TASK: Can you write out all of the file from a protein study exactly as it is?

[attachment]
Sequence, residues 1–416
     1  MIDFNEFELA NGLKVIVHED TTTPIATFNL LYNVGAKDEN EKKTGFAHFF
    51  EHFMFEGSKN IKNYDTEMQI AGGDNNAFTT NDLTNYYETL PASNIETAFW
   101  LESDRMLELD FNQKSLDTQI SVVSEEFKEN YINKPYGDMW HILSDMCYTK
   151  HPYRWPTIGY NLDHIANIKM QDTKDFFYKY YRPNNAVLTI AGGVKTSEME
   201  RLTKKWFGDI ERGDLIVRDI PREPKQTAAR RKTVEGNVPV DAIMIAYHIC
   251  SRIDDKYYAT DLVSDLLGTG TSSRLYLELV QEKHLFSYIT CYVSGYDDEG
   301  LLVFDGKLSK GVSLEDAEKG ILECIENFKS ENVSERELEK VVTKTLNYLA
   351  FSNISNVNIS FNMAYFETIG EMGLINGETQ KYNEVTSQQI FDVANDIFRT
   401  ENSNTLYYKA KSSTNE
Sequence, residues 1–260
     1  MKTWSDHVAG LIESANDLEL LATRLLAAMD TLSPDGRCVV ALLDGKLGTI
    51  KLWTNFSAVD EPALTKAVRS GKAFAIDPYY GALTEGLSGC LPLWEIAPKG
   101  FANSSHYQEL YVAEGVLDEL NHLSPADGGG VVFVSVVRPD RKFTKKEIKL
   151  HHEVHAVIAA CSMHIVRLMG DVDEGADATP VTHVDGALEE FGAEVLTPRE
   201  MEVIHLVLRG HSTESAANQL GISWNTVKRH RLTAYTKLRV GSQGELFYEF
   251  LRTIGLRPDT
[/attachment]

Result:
Sequence, residues 1–416
     1  MIDFNEFELA NGLKVIVHED TTTPIATFNL LYNVGAKDEN EKKTGFAHFF
    51  EHFMFEGSKN IKNYDTEMQI AGGDNNAFTT NDLTNYYETL PASNIETAFW
   101  LESDRMLELD FNQKSLDTQI SVVSEEFKEN YINKPYGDMW HILSDMCYTK
   151  HPYRWPTIGY NLDHIANIKM QDTKDFFYKY YRPNNAVLTI AGGVKTSEME
   201  RLTKKWFGDI ERGDLIVRDI PREPKQTAAR RKTVEGNVPV DAIMIAYHIC
   251  SRIDDKYYAT DLVSDLLGTG TSSRLYLELV QEKHLFSYIT CYVSGYDDEG
   301  LLVFDGKLSK GVSLEDAEKG ILECIENFKS ENVSERELEK VVTKTLNYLA
   351  FSNISNVNIS FNMAYFETIG EMGLINGETQ KYNEVTSQQI FDVANDIFRT
   401  ENSNTLYYKA KSSTNE
Sequence, residues 1–260
     1  MKTWSDHVAG LIESANDLEL LATRLLAAMD TLSPDGRCVV ALLDGKLGTI
    51  KLWTNFSAVD EPALTKAVRS GKAFAIDPYY GALTEGLSGC LPLWEIAPKG
   101  FANSSHYQEL YVAEGVLDEL NHLSPADGGG VVFVSVVRPD RKFTKKEIKL
   151  HHEVHAVIAA CSMHIVRLMG DVDEGADATP VTHVDGALEE FGAEVLTPRE
   201  MEVIHLVLRG HSTESAANQL GISWNTVKRH RLTAYTKLRV GSQGELFYEF
   251  LRTIGLRPDT